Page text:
How else do you explain the company's bulldoggish commitment to buying back its own shares? This year, HP spent $10.9 billion on share repurchases in the open market, with $2 billion of that happening in the fourth quarter. That left only $2.7 billion of the old repurchase plan -- so the board tacked on another buyback authorization of $8 billion.
All of this activity in the open market was financed by incoming cash flows and a strong balance sheet. That's a more conservative approach than IBM
The backdrop to this act is slowing economic growth that makes Home Depot
HP is running like a well-oiled machine, and margins and sales keep growing at healthy clips. The company has beaten Wall Street estimates every single quarter since Mark Hurd took over the CEO post, which wasn't always the case under Carly Fiorina. The GAAP income margin is up to 7% now, which takes us back to the early days of Fiorina and before the Internet bubble imploded, when HP had a 7.6% net margin way back in 2000.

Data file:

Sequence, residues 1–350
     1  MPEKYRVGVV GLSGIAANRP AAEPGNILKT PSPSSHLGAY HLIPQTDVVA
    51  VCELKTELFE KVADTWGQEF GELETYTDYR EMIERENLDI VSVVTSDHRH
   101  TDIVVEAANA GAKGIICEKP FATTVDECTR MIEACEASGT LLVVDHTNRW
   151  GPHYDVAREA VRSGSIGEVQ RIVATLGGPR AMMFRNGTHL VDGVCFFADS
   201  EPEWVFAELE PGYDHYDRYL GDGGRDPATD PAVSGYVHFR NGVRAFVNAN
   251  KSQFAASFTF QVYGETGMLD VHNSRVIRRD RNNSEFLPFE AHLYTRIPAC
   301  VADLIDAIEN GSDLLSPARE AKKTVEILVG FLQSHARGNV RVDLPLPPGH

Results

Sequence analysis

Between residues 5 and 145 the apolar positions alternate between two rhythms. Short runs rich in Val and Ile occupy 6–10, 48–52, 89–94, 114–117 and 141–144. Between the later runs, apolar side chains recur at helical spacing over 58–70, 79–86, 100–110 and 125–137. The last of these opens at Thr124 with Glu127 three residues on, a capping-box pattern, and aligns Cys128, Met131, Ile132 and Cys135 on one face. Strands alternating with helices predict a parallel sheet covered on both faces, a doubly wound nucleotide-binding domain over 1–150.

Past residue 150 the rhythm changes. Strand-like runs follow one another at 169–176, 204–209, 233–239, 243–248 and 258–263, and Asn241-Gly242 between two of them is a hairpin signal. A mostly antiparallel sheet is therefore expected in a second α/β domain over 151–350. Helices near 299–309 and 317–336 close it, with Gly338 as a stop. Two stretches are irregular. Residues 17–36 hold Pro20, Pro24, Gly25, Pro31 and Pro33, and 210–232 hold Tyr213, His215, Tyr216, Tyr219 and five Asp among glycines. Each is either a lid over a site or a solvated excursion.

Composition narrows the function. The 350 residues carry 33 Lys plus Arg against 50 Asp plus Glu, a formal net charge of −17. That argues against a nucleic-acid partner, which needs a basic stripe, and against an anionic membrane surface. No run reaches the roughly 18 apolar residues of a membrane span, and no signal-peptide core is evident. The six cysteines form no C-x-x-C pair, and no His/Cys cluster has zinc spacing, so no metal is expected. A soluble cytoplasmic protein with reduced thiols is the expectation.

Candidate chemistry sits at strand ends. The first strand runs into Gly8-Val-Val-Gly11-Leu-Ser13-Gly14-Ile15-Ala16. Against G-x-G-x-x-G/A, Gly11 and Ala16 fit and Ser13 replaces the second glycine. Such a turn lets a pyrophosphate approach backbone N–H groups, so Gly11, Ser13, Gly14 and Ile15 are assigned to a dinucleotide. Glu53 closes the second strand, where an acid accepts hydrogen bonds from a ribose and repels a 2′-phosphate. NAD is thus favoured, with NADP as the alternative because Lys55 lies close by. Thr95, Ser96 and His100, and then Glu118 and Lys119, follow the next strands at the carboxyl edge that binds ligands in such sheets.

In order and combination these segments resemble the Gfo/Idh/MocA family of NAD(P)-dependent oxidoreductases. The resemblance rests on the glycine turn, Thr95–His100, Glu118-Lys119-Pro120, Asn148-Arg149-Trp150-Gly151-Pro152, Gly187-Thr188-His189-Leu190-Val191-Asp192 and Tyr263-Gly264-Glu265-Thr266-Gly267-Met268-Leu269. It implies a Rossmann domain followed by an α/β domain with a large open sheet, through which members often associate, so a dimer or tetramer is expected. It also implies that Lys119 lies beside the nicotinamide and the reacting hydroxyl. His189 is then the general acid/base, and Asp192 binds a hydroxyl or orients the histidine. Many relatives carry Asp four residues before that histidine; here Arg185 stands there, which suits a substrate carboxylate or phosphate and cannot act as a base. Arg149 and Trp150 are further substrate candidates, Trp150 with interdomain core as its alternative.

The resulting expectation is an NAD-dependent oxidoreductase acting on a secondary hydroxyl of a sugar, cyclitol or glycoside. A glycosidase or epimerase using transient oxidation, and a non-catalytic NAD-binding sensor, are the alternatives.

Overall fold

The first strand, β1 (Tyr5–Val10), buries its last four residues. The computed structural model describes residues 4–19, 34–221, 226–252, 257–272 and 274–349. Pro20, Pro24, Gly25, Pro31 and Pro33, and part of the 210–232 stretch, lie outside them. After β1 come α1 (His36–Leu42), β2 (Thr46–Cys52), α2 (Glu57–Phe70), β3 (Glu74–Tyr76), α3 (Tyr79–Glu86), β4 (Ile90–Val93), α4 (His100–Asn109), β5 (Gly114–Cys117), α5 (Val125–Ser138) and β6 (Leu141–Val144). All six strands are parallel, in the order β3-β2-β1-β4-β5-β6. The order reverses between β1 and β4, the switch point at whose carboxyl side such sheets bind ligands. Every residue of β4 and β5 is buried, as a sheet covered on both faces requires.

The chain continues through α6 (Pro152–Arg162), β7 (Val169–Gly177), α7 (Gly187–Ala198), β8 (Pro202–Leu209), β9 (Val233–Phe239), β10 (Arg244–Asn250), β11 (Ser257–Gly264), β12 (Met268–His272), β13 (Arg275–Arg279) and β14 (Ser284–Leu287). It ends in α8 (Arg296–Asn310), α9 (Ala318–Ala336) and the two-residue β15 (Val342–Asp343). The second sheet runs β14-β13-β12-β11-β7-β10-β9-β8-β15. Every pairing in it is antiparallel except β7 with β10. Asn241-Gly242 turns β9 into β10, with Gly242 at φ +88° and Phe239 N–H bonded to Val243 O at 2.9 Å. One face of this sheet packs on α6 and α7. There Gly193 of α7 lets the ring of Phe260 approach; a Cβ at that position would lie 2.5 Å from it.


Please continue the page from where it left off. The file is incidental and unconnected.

The gains are backed by solid performance. So, despite a 140% share price boost since Hurd first helmed HP and a 20% gain year-to-date, I can understand if the company still feels like an unreasonably cheap date.
Fool contributor Anders Bylund holds no position in any of the companies discussed here, but he did write this article on an HP laptop. You can check out Anders' holdings if you like, and Foolish disclosure is always worth more.